ALBANY — New York State will not join in a federal pilot project aimed at developing alternative ways of assessing students’ knowledge without using traditional standardized tests, officials announced Tuesday.
The state’s decision, termed a disappointment by some local school administrators, means that Albany — for the time being, at least — will continue relying on Common Core tests administered in grades three through eight and in high schools.
Such tests are highly controversial on Long Island, where approximately 50 percent of all eligible students in elementary and middle schools boycotted English and math exams last spring. Some local educators had voiced hope that use of alternative measures — for example, written portfolios — might help calm public discontent.
Tuesday’s announcement was triggered, state authorities said, by the fact that the U.S. Education Department included no offers of financial assistance to states earlier this month when it released details of its alternative assessment program.
New York State’s Education Department in recent years has struggled to fund its own extensive exam program. The agency actually stopped offering some tests — most notably, for high school foreign language courses.
Emily DeSantis, the department’s spokeswoman, said the agency remains interested in alternative assessments, but added that “the fact that there is no additional federal funding available to implement the pilot means the department must focus its resources on more immediate assessment priorities.”
More than 40 consortium high schools in New York City already offer students a chance to complete projects, such as written essays, in lieu of taking state Regents exams in certain subjects. This is done under a longstanding state waiver.
In recent years, several suburban districts in Nassau, Suffolk and Westchester counties also have begun discussions or actual offerings of alternative tests, though they have continued using Regents exams as well.
The superintendent of one of those districts, Comsewogue, which serves Port Jefferson Station, took exception to Tuesday’s state announcement.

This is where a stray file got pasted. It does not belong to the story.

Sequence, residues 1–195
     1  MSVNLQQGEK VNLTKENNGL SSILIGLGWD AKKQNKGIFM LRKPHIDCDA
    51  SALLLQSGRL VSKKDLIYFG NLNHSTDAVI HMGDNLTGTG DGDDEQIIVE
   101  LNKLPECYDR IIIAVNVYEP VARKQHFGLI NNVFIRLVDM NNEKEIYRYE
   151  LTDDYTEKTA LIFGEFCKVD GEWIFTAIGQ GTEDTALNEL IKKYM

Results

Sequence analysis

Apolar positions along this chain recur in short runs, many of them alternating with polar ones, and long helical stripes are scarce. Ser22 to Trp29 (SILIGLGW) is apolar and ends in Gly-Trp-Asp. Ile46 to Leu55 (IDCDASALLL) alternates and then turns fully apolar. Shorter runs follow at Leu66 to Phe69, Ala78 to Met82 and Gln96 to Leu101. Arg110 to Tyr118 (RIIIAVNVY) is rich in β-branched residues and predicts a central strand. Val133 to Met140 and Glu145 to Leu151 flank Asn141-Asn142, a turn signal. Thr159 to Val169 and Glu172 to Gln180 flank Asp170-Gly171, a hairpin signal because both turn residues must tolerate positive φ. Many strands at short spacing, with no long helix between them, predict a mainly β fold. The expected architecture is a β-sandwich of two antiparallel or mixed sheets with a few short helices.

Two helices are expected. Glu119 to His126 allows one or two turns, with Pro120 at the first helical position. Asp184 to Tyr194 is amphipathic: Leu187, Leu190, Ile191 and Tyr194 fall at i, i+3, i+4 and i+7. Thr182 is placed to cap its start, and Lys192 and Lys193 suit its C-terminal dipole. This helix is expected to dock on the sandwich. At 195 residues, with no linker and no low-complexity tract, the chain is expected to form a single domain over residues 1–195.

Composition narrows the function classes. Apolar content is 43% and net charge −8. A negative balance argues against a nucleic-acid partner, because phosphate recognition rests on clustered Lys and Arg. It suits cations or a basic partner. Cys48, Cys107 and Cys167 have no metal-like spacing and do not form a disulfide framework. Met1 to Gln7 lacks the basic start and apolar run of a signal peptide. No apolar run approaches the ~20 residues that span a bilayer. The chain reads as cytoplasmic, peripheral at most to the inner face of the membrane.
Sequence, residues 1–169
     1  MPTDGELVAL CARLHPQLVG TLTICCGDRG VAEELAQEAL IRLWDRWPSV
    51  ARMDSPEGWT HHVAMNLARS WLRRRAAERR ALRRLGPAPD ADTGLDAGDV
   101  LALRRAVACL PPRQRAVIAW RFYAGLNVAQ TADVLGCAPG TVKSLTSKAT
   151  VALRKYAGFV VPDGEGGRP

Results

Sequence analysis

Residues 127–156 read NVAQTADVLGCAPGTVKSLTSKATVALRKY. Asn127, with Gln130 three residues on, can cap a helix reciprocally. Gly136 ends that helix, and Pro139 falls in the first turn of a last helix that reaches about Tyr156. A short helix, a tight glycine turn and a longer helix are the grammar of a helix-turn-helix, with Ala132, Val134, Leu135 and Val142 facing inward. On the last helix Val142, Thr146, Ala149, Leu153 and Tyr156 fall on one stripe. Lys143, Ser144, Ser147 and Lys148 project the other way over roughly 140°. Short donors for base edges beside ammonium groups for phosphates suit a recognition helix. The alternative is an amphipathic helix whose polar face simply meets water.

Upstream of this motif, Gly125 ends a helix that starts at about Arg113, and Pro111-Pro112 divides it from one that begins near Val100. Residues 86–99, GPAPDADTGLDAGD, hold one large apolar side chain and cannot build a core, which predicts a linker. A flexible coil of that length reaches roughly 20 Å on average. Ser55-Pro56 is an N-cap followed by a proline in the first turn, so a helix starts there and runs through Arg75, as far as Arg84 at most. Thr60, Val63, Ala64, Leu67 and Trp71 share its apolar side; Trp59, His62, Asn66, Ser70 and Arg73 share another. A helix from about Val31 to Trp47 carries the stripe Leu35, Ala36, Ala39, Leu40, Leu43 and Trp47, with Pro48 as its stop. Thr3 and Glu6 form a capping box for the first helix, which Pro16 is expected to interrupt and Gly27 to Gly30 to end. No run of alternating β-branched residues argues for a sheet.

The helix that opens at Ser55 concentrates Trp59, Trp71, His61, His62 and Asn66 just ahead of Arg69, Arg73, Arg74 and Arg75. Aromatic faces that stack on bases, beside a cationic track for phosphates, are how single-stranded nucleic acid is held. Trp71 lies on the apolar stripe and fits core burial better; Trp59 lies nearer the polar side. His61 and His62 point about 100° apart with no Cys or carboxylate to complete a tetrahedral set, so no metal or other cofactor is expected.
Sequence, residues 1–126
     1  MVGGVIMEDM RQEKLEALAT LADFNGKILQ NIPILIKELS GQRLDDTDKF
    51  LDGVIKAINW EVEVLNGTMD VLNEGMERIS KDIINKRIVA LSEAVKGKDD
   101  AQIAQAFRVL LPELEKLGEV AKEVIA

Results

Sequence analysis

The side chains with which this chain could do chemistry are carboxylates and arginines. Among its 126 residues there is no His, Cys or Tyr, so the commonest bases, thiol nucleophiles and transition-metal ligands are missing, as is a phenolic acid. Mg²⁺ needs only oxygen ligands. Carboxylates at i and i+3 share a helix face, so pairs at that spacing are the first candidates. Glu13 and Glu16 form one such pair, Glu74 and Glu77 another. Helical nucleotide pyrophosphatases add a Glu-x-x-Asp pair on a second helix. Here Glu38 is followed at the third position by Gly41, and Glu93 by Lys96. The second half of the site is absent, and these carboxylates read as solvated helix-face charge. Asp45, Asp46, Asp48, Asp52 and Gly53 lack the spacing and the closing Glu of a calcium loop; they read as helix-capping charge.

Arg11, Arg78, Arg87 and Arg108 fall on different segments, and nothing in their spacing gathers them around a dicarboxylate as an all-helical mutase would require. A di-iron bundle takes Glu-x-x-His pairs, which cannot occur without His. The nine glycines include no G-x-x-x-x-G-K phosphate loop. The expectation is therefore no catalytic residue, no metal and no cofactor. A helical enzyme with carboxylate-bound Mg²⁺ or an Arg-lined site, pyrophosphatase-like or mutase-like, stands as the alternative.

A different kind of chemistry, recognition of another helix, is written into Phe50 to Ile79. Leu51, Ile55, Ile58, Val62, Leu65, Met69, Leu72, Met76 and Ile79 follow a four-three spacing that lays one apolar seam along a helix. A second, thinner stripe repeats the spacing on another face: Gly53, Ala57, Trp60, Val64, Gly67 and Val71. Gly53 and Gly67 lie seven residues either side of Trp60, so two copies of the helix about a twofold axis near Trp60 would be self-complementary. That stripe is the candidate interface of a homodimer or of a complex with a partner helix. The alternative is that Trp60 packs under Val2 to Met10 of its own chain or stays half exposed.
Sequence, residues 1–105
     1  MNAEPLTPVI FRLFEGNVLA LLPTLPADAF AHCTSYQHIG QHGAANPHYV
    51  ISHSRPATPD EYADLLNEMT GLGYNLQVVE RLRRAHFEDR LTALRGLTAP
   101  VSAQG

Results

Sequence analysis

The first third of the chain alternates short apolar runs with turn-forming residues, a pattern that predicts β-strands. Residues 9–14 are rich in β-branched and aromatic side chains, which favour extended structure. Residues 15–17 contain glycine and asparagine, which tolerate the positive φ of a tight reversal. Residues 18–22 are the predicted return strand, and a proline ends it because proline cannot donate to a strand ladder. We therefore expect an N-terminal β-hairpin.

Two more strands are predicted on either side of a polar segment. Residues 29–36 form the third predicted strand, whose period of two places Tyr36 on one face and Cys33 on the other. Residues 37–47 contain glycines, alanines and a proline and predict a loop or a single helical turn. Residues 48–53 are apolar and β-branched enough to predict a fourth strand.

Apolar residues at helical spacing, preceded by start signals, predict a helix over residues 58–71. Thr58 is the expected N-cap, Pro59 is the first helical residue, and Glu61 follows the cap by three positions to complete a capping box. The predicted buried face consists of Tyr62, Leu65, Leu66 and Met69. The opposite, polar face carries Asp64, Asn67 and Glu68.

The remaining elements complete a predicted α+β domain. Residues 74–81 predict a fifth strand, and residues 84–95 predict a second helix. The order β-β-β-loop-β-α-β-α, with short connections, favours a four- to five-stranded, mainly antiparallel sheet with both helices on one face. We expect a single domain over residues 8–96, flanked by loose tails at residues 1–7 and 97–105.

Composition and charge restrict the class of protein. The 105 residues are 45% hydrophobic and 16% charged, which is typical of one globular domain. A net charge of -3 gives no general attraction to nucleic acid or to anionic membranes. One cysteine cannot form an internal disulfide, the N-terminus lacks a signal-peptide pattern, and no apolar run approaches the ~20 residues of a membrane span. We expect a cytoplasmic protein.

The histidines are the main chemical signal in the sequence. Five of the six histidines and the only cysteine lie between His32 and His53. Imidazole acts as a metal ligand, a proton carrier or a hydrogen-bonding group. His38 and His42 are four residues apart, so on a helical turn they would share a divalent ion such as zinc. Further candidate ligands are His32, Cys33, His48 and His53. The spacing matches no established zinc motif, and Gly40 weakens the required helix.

“To dismiss this on the basis of money without a careful look is disappointing,” schools chief Joseph Rella said.
Rella said that about 300 students in the ninth and 10th grades at the district’s high school are using alternative measures of achievement such as verbal classroom presentations this year, in addition to preparing for Regents exams.
The schools chief added that a preliminary performance review of 50 students from last year showed that those using alternative measures scored “significantly” higher on Regents exams than those using the exams alone.
Pilot projects in alternative assessment are authorized in the federal Every Student Succeeds Act, or ESSA, which was signed into law in 2015.
Like earlier federal education laws, ESSA requires states to provide the same uniform tests in English and math to all student capable of academic work.
The new law makes an exception, however. Under this provision, the U.S. Education Department can authorize up to seven states to allow selected school districts to experiment with alternative measures.
Since 2016, New Hampshire has allowed students in some schools to demonstrate proficiency through projects rather than paper-and-pencil tests.
Some New York State officials said Tuesday that reported problems with New Hampshire’s program were a factor, along with funding concerns, in their decision not to participate in the federal pilot.
Several members of New York’s Board of Regents, which makes education policy, said they would continue to look for ways that the state could offer alternative assessments without federal involvement. State Education Department staffers who report to the Regents cautioned, however, that any such program might take several years to establish.
“The Regents are committed to looking at alternative assessments over the next 12 to 18 months,” said Roger Tilles of Great Neck, who represents Long Island on the Regents board. “It is going to take time.”
Leaders of state and regional test-boycott movements said they had been leery of more federal involvement in assessment programs, and preferred that New York develop its own alternatives — a route that, they said, the state is legally entitled to pursue.
“New York State has a lot of leeway in how they handle assessments, so it’s just a question of what New York State decides to do,” said Jeanette Deutermann of Bellmore, founder of the Long Island Opt Out movement.